Edmonds Community College (EdCC) notifies its students via email about Level 3 RSOs if they will be in class with them, said Ross Villegas, EdCC’s student conduct officer, in an email to the Ebbtide. EdCC also alerts faculty, the Center for Families and the vice president for Student Services for Level 1 offenders, and briefs the administration and department heads about Level 2 RSOs, Villegas said.
EdCC bases its meeting times with RSOs off of their specific needs.
At Seattle Central College, Vice President of Student Services Yoshiko Harden said that she meets quarterly with Level 3 RSOs and notifies the faculty and dean.
On Seattle Central’s “Sex Offender Disclosure” page, the list of current RSOs on campus is linked to the King County Sheriff’s website for easy access.
And according to all of the colleges’ RSO pages, the sex offender policies at SCC and surrounding campuses seek to “only inform,” not scare students.
Recently, Republican State Representative Joyce McDonald, of Washington’s 25th district, proposed House Bill 2783, which would have authorized community and technical colleges to impose “reasonable restrictions” on Level 3 RSOs who planned to enroll. She said in an email interview that her aim was to keep the current state policies regarding Level 3 offenders in place but to impose stricter enforcement.
McDonald’s proposal of House Bill 2783 stemmed from an email alert to students at Pierce College in Puyallup about a Level 3 student who was violating his no-contact order “by being in classes with minor females,” McDonald said.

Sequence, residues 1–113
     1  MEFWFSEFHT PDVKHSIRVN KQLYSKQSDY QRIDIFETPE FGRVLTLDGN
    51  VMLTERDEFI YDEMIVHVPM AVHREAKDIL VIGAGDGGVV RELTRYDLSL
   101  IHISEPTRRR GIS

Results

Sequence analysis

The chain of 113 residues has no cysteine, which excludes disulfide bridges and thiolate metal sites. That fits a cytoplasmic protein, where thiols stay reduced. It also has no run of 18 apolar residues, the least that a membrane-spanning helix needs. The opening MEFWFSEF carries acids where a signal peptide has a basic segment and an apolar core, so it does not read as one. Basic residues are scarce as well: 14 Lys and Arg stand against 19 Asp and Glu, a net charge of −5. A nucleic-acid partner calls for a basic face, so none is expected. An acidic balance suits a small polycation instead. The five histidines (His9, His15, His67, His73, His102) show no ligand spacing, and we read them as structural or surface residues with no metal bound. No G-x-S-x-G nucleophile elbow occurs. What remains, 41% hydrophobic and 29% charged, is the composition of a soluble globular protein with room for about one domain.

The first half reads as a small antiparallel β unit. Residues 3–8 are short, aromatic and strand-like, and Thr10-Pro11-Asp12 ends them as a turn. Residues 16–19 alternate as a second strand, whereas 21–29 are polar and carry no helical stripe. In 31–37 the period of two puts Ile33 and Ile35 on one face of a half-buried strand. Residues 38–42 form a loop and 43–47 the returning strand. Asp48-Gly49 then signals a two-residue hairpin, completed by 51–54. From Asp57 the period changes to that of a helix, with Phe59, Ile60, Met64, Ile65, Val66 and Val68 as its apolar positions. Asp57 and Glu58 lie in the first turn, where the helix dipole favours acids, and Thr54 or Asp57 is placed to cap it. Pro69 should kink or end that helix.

McDonald was informed by a parent of a Running Start student at Pierce who received the email. When contacted about the issue, according to McDonald, the college said they “had no obligation” under the current law for “anything other than notification.” McDonald’s bill said RSOs who are considered “a danger” and are given no-contact orders should not be allowed near vulnerable students.
However, McDonald’s bill failed in the House Higher Education Committee — according to McDonald, the chair of the committee, Representative Drew Hansen, “did not think the bill was needed.”
Rutledge said one could never know if RSOs will reoffend.
However, Mafeugang said she believes RSOs should not be “labeled” because of their previous actions.
“I think it’s important for students to know that there’s a potential danger on campus,” Mafeugang said. “But at the same time, you might create a lot of discrimination against the (students) who are just here maybe willing to learn, maybe (even) willing to change.”
A sex offender is defined as an individual who commits a crime involving a sexual act, including rape, molestation and harassment.*box*
The purpose of the Community Protection Act of 1990, stated in several of the colleges’ safety and security pages, “is to assist law enforcement agency’s efforts to protect their community.” The King County Sheriff’s database offers up-to-date information on sex offenders in the area.
By Azia Kelikoa’elakauaikekai Jaelyn Lualhati,
Arts & Entertainment Editor